Swimming Lessons  by Lili Reinhart  Overall: 5 This is the first poetry book I've ever read in its entirety outside of Shel Silverstein, so I've checked off one of my reading goals for the year with this one. I've now read a graphic novel and a book of poetry. I've been anticipating Swimming Lessons  so long that I can't believe it's actually in my hands. I've been a fan of Lili since Riverdale, and I've continued to be a fan of hers even when the show got a bit too ridiculous for me to keep watching every week. I've been excited for the chance to get to see something completely created a controlled by Lili.  I'm not sure what I expected from Swimming Lessons . I think I had almost no idea what it would be like or the topics it would cover. After the first couple poems, I was completely hooked. In the intro, Lili prefaces the collection by noting that poetry has always given her solace in knowing other people felt the same specific emotions tha

It's Kind of a Cheesy Love Story: YA Book Review

  It's Kind of a Cheesy Love Story  by Lauren Morrill Overview: Beck was born in the bathroom of a pizza place. And, of course, that story has defined her for the last sixteen years of her life. She did get free pizza and the promise of a job she isn't sure she wanted out of it. Finally old enough to cash in on that job offer, Beck begrudgingly takes the job, but it turns out the pizza place might have been what was missing from her life. Overall: 3.5 Characters: 3 The characters were interesting enough. Beck is pretty naive, but she has a satisfying arc as she realizes that her school friends have always been kind of shallow. She finds a genuine friend group with the misfits who work at the pizza place. While she's always appreciated Del, the owner, she still begrudged the Pizza Princess title that's followed her around. The essential story is her growing into that title and accepting her whole life and story. Part of that is also realizing her first crush wasn't a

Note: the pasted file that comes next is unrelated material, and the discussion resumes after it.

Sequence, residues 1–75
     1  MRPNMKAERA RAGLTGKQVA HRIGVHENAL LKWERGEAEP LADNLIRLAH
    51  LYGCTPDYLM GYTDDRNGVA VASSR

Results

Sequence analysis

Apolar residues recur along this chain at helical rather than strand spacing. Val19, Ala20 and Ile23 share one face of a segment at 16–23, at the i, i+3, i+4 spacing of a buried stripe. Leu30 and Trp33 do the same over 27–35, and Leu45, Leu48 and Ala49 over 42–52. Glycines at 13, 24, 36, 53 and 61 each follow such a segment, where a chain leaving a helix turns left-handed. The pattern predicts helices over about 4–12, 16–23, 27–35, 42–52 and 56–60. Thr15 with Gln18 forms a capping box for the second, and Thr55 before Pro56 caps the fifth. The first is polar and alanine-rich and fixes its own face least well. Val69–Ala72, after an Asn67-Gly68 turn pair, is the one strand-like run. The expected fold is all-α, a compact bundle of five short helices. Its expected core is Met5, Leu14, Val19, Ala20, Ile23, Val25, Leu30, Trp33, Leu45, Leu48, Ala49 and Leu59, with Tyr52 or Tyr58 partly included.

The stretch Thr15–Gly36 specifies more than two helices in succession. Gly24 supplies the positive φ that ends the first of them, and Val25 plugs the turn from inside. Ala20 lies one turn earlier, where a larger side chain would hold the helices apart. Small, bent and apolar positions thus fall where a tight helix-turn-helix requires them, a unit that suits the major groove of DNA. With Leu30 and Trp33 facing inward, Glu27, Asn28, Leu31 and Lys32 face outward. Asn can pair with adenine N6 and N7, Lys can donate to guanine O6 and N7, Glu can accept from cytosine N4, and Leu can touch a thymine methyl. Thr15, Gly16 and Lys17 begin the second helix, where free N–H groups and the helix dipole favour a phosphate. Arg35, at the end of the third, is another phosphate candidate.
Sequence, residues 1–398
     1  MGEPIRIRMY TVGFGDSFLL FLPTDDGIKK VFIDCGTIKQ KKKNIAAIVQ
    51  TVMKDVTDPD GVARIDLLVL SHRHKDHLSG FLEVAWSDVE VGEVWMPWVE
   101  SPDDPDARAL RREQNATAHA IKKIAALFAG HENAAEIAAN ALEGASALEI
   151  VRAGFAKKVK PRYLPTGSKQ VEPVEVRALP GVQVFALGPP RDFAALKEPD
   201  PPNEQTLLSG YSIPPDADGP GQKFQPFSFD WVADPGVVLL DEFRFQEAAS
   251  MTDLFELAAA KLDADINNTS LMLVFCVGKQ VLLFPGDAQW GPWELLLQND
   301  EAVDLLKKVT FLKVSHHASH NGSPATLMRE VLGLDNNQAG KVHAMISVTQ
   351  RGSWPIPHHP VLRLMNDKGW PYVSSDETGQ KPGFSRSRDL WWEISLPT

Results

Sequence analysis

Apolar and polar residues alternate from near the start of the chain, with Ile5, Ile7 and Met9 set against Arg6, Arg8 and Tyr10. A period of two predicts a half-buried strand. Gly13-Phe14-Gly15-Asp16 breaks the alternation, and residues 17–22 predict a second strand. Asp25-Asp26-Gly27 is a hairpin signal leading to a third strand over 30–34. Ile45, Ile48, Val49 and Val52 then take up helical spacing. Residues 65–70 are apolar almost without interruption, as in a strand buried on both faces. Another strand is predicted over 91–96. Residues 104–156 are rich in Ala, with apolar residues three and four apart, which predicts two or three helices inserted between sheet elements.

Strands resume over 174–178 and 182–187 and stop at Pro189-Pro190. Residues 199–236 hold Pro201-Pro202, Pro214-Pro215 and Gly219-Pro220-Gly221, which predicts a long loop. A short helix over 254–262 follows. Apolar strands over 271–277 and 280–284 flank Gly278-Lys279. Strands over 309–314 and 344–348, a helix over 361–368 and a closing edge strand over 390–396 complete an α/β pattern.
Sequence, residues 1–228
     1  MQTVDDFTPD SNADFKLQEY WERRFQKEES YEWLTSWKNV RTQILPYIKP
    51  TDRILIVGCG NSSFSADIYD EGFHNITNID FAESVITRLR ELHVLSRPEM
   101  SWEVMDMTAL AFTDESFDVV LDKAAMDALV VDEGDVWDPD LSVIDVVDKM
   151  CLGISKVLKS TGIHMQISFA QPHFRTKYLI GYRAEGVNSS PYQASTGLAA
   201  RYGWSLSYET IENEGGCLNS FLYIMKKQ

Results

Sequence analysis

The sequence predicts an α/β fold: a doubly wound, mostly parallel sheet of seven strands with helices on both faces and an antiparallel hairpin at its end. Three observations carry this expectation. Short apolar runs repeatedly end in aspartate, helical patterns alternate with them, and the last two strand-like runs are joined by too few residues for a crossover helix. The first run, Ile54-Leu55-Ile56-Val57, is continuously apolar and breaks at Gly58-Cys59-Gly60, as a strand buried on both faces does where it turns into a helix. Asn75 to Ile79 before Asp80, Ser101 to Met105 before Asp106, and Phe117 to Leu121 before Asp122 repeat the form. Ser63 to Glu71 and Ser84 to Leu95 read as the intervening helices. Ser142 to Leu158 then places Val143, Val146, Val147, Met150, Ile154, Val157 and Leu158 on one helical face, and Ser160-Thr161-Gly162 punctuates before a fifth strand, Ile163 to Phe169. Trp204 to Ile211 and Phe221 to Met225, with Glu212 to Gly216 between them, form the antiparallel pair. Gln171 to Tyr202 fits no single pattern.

Fear of Missing Out

Fear of Missing Out  by Kate McGovern  Overview: Astrid has a form of brain cancer called astrocytoma that causes a star shaped tumor to form near her brainstem. Though she was in remission, two years later, the cancer comes back, and Astrid becomes convinced that she won't beat the disease. She starts to pursue options that will allow her to have a life in the future, namely, cryopreservation. After essentially freezing her body, she hopes to wake up when there's a cure for her cancer so she can rejoin the world and see some of the milestones she fears missing. On the road trip to tour the Arizona facility, though, Astrid makes other realizations about her life and eventual death that alters how she sees her original plan. Overall: 4  Characters: 4 Astrid is relatable. She has a touch of dry, witty humor that makes her relatable. She loves her friends and family deeply, but she also has a conviction to follow what feels best for her. I appreciated how she always tried t

They Both Die At The End

They Both Die At The End  by Adam Silvera (368 pages) Overview: Mateo and Rufus are both going to die at the end, but I'm guessing you got that from the title. The thing is, Mateo and Rufus don't know each other till the day they are going to die. After getting their calls from Death Cast, the new organization that lets everyone know that they are going to die with a call sometime after midnight. While trying to digest the news, they both turn their attention to the Last Friend app in search of finding another "decker" to spend their final day with. As the boys try to think of ways not to waste their final moments, they start to form a bond they never anticipated. Overall: 4 Characters: 4 I have to applaud Silvera for keeping his (mostly) duel prospective narrative voices so separate. Mateo and Rufus not only have different traits but totally different dialects. Mateo is Puerto Rican, quiet, and totally paranoid with a hyperawareness about safe. Both careful an